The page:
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German public mood darkens on Greece
[BERLIN] As the Greek debt drama careers toward a dangerous climax, the mood in Germany has deteriorated to the point where a slight majority now believes Athens should leave the eurozone.
Five years into the crisis, opinion polls, newspaper headlines and politicians' barbs reflect a growing exasperation with the government of leftist Prime Minister Alexis Tsipras and its hardball negotiating tactics.
With the clock ticking and no deal in sight between Athens and its EU-IMF creditors, many voters in Europe's biggest economy and effective paymaster think it is time to cut Greece loose from the 19-member currency union.
"They never should have entered the eurozone," said Berlin pensioner Bernd Tuerck, 67, recalling that Greece's entry was based on flawed economic data.
Although he doesn't believe German Chancellor Angela Merkel or the European Union will allow a "Grexit" to happen now, he said: "I am scared for my children and grandchildren who will have to finance that country".
Cologne businesswoman Nicole Baumann, 55, said it annoyed her that Greece would not cut pensions while many elderly Germans scrape by on little money and added: "I think the Greeks should be kicked out of the euro and get no more aid." A poll last week showed that 51 per cent of respondents believe Greece should leave the euro, a near 20-per cent jump since Tsipras's hard-left party took power early this year in recession-weary Greece.
This compared to 46 per cent in a French poll who backed a 'Grexit', and 42 per cent who favoured a Greek EU exit in an Italian survey.
"The German people are losing patience with the Greek position," said Matthias Jung of the institute that conducted the poll for public broadcaster ZDF, noting "a steady trend since the start of the year".
Some 70 per cent now oppose any further concessions, which they see as caving in to Greek "blackmail", he said.
Nonetheless, Mr Jung said, the poll also shows Germans regard a eurozone breakup as "a scenario to be avoided at all cost".
Ms Merkel has stressed she wants Greece to stay in the euro, repeating mantra-like that "where there's a will, there's a way".
But lawmaker Gunther Krichbaum from Merkel's conservative party told foreign journalists Thursday that "many in the population - and this is not just a German phenomenon - are saying, it's enough, we have already shown great solidarity.
"There have been a lot of provocations from Athens, especially towards Germany. People see things very emotionally."
Ms Merkel has been Europe's leading voice preaching austerity and tough reforms in return for bailout cash - a position that has seen her caricatured in Nazi garb in Greece, but gone down well with German voters worried about public finances.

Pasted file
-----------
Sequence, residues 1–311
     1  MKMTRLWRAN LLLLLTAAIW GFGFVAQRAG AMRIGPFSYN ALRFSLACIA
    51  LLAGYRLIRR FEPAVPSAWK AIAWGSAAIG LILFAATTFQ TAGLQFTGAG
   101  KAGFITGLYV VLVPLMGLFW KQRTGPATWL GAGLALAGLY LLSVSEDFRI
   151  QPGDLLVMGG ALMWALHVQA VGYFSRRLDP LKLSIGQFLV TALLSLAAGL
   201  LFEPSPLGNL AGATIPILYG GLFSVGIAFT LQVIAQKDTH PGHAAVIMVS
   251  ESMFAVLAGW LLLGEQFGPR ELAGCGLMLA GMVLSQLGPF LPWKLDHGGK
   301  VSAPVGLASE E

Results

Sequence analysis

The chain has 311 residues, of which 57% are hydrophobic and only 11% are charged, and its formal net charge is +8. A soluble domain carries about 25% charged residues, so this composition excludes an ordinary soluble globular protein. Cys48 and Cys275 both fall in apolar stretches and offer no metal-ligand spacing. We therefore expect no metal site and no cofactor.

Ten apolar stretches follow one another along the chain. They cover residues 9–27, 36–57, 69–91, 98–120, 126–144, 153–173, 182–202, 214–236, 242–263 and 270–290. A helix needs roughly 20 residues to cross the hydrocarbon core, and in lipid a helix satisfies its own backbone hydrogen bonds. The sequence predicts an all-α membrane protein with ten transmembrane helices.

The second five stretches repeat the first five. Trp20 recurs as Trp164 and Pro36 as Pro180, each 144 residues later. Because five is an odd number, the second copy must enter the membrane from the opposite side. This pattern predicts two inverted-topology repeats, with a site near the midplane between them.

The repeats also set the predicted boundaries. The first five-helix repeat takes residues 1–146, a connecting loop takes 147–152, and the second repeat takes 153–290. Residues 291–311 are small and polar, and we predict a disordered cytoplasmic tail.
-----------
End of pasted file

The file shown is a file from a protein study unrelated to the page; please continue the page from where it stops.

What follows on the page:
Daniela Schwarzer, of think-tank the German Marshall Fund of the United States, said that in past years "taboos were broken about 'Nazi Germany' and 'lazy Greek pensioners', but still German public opinion didn't turn completely hostile toward Greece".
The mood had now taken a turn for the worse, she said, because many Germans "no longer believe that this country wants to, or can, play by the jointly agreed rules and objectives".
"There is also a huge degree of disillusionment and frustration with the public criticism of Germany coming out of Greece." Even the centre-left Vice Chancellor Sigmar Gabriel, so far sympathetic with debt-wracked Greece, has tapped into the shifting mood.
"All over Europe there is a growing sentiment: Enough!" he wrote in the mass-market Bild daily, accusing Athens of being "just about to gamble away the future of their country - and that of Europe as well".
The tabloid style Bild has itself campaigned against the Tsipras government, claiming it is squandering German taxpayers' money into a "bottomless pit".
In February it published full-page "Nein" posters objecting to more help for Greece, which it urged its readers to hold up before cameras.
News website Spiegel Online's columnist Jakob Augstein argued that Merkel has pandered to the sentiment that "greedy Greeks are trying to grab German money".
"That's the only way the euro crisis is now being talked about in this country," wrote Mr Augstein.
Ms Schwarzer said the crisis highlights a gulf between a German rules-based approach and the Greek position that creditors' austerity demands "are completely unfair because they feel they are carrying all the burden".
"The Greeks find it illegitimate that you get detailed plans imposed on your economic and budgetary policy, and the Germans find it illegitimate if a country doesn't govern by the rules," she told AFP.
"They are very different notions of what is good economic and fiscal policy, and of what is legitimate or not legitimate."